Pilots push out top Kenya Airways managers
By Moses Michira | April 30th 2016
Top managers at Kenya Airways resigned late Thursday following intense pressure from striking pilots.
Human resources director Alban Mwendar and his Flight Operations counterpart Paul Mwangi are among those who left the airline in a compromise that informed the suspension of the eight-hour strike.
Nearly 20 flights were cancelled on Thursday as the nearly 500 pilots stayed away from work, leading to massive inconveniences for thousands of travelers.
Safety director Alex Avedi also resigned in a communique issued by KQ Managing Director Mbuvi Ngunze, who was the pilots’ top target for elimination.
“Following further consultations held today, the Kenya Airline Pilots Association (Kalpa) and KQ, with the intervention of the Cabinet Sub-Committee on Kenya Airways, have reached an agreement that will see management changes effected immediately,” the association Secretary General Paul Gichinga said before calling off the strike at 8.28pm.
It emerged from the closed sessions that the pilots wanted the executives sacked for running down the airline, which last year reported a near Sh30 billion pre-tax losses.
Before the resignations, the pilots were locked in a day-long strike, all in uniform, in a meeting that started at around 10am and graced by Transport Cabinet Secretary James Macharia and KQ chairman Dennis Awori.
By the time the CS was leaving at a few minutes after 1pm, there were no indications of the pilots having their demands met.
But their meeting ran on into the night, while the passengers’ agony was growing amid multiple flight cancellations.
Behind the scenes, Macharia was tied on tough bargaining with Kalpa executive committee over the phone, and had even indicated at about 7pm that he would return to Rubani House, the headquarters of the pilots’ association, to try break the stalemate. The resignations were only part of the wins scored by the pilots whose other demands included shelving of a plan to redeploy some of them to Ethiopian Airlines.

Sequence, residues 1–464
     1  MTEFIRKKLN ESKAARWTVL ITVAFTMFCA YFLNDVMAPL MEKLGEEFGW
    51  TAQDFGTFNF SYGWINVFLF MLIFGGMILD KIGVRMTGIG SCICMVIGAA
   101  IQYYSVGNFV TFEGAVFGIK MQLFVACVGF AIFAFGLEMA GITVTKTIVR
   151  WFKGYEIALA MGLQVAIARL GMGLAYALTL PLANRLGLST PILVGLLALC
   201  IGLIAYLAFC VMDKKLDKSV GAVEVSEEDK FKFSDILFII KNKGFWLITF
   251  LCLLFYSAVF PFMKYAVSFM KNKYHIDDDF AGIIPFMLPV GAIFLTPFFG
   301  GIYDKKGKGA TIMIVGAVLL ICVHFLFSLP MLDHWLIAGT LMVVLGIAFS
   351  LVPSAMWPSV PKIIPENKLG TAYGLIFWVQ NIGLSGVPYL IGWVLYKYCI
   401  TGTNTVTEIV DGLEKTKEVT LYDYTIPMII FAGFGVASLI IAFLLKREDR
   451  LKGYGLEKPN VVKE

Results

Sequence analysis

KQ had sent out notification letters to the 32 pilots selected to work for the Ethiopia State-owned airline, in a move bitterly protested by the more than 500-member strong association.
“Please note that by sharing information, the pilots are only in-principle agreeing to being placed with Ethiopian Airlines,” Mwenda wrote to the association.
At the heart of the redeployment is the decision taken by KQ to dispose several of the Boeing 777 series of jets in the now troubled fleet rationalisation programme.
Ethiopian Airlines has 16 Boeing 777s planes on its fleet, including six used as cargo freighters.
Pilots who fly these aircraft are among the senior-most, considering that they were first built in the 1990s.
Further, the pilots were expected to re-apply for jobs in the rival firm, but the terms of their employment had already been agreed on between the two airlines, according to Kalpa.
KQ had earlier announced a staff rationalisation programme that has seen hundreds of workers, not pilots, sent home in early retirement as a means of cutting costs.
Several hundred employees have already been sent home in the first round.
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